NEW YORK – The Broad Institute researchers who invented Slide-seq have found a new way to get spatial transcriptomics data, one that should work with any single-nucleus sequencing (sNuc-seq) method.
Fei Chen and Evan Macosko's new method is called Slide-tags and differs from its predecessor in one very important way.
"It uses the same barcoded arrays, but the process is almost backwards," Chen said. Instead of capturing RNA onto a barcoded array, it releases a barcode into the nucleus of cells in a tissue slide. "It's a little bit like GPS," he said, where spatial location is triangulated by analyzing the number of barcodes found in each nucleus.
Slide-tags thus produces whole-transcriptome data that is "indistinguishable" from sNuc-seq methods but also has location data, Chen said. Moreover, it addresses key issues with sequencing- and imaging-based spatial transcriptomics platforms currently on the market.
"Some of the imaging-based approaches have oversold the extent to which individual cells can be segmented," Macosko said. "It's just a hard problem. We think we've skirted around that," given that each nucleus is already separable from every other one with the barcodes.
Another benefit is that it works in any tissue for which there have been optimized sNuc-seq protocols. In a paper published Wednesday in Nature, Chen and Macosko's team demonstrated the use of Slide-tags in fresh-frozen human brain, lung, kidney, gut, and tonsil, as well as mouse hippocampus.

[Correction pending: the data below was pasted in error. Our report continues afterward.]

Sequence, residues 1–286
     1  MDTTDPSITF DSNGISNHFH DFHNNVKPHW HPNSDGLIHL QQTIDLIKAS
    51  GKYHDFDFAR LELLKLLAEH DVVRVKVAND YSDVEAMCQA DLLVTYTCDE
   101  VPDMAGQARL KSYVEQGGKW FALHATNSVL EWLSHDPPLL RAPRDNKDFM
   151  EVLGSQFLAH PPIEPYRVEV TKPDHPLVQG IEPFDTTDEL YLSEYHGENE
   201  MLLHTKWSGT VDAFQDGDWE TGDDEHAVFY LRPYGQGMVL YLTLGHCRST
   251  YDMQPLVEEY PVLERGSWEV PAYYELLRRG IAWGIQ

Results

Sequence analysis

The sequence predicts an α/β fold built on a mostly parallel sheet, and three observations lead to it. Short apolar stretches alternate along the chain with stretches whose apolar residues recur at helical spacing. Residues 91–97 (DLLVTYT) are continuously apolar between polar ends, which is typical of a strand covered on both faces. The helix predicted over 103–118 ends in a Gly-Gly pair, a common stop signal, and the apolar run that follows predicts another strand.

"This paper is interesting in many ways," said Bony De Kumar, director of operations for the Yale School of Medicine's Center for Genome Analysis. "For one, it's actually tech agnostic." While the authors mostly used 10x Genomics' single-cell sequencing for the paper, they've also used Becton Dickinson's Rhapsody as well as Fluent BioSciences' tube-based method. De Kumar suggested that split-pool barcoding and even single-cell DNA sequencing methods could also be used.
Cell segmentation was the other main advantage. "Tonsil tissue is very dense, and they could effectively do segmentation on that," he said. "That makes it really interesting."
Slide-tags has, in a way, come all the way back to its roots in single-cell sequencing. At its heart are the barcoded beads that label transcripts in a cell nucleus. These are what enabled Slide-seq to capture transcripts for sequencing, in turn taken from Drop-seq, an early single-cell isolation method.
For Macosko, it represents a "unique opportunity" to unite spatial and single-cell methods. Many spatial transcriptomics methods have sought to put the breadth of data obtained from single-cell RNA-seq into the context of tissues. Approaches such as Rong Fan's deterministic barcoding in tissue for spatial omics sequencing (DBiT-seq), 10x's Visium, and NanoString's GeoMx Digital Spatial Profiler have taken this approach, at the expense of spatial resolution. More recently, higher-resolution methods have taken a targeted approach, often multiomic, such as Akoya Biosciences' PhenoCycler-Fusion, 10x's Xenium, and NanoString's CosMx Spatial Molecular Imager.